Pre-orders for the new Apple iPad Air 2, iPad mini 2 and iPad mini 3 are arriving later this week and the first wave of reviews is already in. As expected, the newest Apple tablets are better than the old ones, which is pretty much a given.
One slight exception is the [company]Apple[/company] iPad mini 3, which is really last year’s model with the addition of a Touch ID sensor and optional gold color. At least one review has alluded to the same thing I did earlier this week: Unless you really want a fingerprint reader or a gold iPad mini, skip the new small tablet and buy last year’s model for a $100 savings.
What about the mini’s big brother — the new iPad Air 2, a very updated product?
Self-proclaimed Apple iPad lover Walt Mossberg suggests on Re/code that most current iPad Air owners won’t see that much improvement if they upgrade now. It’s a better buy for those who don’t have an iPad or have one that’s two or more years old:
“So when Apple brought out new iPads last week, and I had a chance to test them over the past four days, you might think I’d be pretty excited about them — but I’m not. They are, in most respects, the best iPads ever made. But for average users, they represent only a modest evolutionary improvement over last year’s models, not the kind of big change that the first iPad Air or the Retina display iPad mini did last year.”
Over at Daring Fireball, John Gruber highlights the performance boost found in the new Apple A8x chip and additional memory used in the iPad Air 2. Gruber prefers the smaller size of an iPad mini but suggests that the new tablet’s capabilities mark a time where it’s more difficult than ever to choose between an iPad Air and a MacBook Air:
“The iPad is no longer following in the wake of the iPhone, performance- and specs-wise. It’s forging ahead. With 2 GB of RAM, it’s a year ahead of the iPhone (we hope) in that department. Performance-wise it’s fast enough to replace a MacBook Air for many, many people. The demos that Apple chose for last week’s event — the Pixelmator image editor and Replay real-time video editor — emphasize that. Those are performance-heavy tasks, and the iPad Air 2 handled them with aplomb.”
The Wall Street Journal’s Joanna Stern appreciates that performance boost as well but thinks Apple needs to bring more advanced software features to take advantage of it.
“The new A8X processor provides a performance boost, so the iOS 8 operating system and immersive full-screen apps respond to taps and swipes faster. And while iPad apps in general are superior to the stretched phone apps you too often see on Android tablets, I wish I could see more apps on the screen at the same time, the way I can with a Surface or Galaxy Tab.”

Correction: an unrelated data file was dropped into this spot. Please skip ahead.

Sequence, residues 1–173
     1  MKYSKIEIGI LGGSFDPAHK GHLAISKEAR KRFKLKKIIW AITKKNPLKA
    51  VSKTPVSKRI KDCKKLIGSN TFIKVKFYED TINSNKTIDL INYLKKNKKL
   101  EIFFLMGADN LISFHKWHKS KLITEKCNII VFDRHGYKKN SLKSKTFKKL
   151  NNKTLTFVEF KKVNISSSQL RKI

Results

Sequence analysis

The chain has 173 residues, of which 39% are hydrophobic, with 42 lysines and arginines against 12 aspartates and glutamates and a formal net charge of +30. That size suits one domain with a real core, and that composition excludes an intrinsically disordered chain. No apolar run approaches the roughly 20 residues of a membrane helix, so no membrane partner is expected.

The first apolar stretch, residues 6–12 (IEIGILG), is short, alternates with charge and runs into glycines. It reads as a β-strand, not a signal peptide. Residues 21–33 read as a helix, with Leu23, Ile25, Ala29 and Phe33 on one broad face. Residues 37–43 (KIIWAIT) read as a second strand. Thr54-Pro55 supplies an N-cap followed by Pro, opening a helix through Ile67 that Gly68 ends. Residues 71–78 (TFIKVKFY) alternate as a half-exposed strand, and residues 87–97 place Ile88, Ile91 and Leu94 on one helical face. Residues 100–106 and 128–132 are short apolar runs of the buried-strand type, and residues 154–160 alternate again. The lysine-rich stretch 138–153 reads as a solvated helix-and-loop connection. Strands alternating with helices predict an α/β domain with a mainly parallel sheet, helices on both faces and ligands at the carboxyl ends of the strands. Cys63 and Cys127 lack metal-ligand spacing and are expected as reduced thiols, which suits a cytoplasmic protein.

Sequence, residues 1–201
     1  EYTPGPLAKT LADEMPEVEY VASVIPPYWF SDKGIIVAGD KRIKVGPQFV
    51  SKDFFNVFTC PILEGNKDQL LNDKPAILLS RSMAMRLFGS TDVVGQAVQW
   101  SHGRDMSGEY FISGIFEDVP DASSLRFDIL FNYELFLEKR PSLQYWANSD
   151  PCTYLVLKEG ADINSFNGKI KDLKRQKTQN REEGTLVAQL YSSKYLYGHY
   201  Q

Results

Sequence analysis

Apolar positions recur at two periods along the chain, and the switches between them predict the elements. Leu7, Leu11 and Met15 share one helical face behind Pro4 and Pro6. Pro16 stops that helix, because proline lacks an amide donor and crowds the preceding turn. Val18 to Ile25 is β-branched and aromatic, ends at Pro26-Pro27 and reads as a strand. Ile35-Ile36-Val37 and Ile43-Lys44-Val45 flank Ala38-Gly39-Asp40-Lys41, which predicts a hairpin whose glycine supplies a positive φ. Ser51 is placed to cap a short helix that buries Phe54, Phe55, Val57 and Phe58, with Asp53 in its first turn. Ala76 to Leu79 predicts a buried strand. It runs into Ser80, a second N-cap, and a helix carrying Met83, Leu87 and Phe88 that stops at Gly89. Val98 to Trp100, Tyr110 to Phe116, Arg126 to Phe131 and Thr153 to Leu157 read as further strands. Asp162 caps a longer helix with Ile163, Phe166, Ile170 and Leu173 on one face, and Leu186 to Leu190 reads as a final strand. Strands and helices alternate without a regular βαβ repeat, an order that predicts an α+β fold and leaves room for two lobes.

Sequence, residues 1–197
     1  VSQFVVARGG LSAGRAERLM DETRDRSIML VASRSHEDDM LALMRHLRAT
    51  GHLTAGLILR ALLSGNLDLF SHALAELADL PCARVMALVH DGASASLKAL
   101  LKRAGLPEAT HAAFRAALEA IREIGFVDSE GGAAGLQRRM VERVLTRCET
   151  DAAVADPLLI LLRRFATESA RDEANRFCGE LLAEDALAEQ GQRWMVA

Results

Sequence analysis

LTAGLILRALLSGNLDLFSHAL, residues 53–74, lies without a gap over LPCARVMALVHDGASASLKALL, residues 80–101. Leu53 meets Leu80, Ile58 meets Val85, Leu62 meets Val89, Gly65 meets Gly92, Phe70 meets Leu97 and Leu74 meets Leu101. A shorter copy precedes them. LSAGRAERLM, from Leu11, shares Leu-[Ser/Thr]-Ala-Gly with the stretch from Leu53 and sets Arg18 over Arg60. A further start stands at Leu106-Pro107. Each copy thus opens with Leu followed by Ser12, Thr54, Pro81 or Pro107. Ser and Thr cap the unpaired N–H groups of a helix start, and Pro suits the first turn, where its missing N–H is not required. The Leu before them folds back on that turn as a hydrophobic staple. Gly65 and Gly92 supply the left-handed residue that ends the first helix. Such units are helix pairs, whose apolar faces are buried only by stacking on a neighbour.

I think Stern will get her wish in a future version of iOS 8 that will bring support for using two apps at once on an iPad screen. That function could be reserved for a larger iPad, though, as it’s ideally suited to bigger screens.
Engadget praised the new optically bonded screen on the iPad Air 2, saying it has better color accuracy than Apple’s smaller slate and the new anti-glare coating is a plus:
“Apple was able to trim down the iPad by using a laminated, optically bonded, no-gap display similar to the ones used on the iPhone and even the Microsoft Surface tablets. Not only does the new panel save vertical space by eliminating any gaps of air between the display layers, but it also makes the screen significantly less reflective. This is meant to reduce the amount of glare hitting the screen, whether you’re reading in direct sunlight or watching movies under harsh fluorescent lights. I’m happy to report that it works as advertised; I was able to read text and look at photos much better on the Air 2 than the previous version.”
By all accounts I’ve seen, Apple definitely moved the bar with the iPad Air 2. Not so with the iPad mini 3; I can’t find a generally positive review of it.
That’s because it really hasn’t evolved at all; everything inside and outside is the same, save for that fingerprint sensor and color option. I can’t see many people — if any — upgrading from last year’s iPad mini as a result. If you want a smaller iPad, the iPad mini 2 is a much better value than the iPad mini 3. It’s also worth the extra $50 to get a retina display instead of buying the original iPad mini.
Our own review units are arriving in the next day or two, so after putting Apple’s new iPads through their paces, we’ll be back with our own thoughts.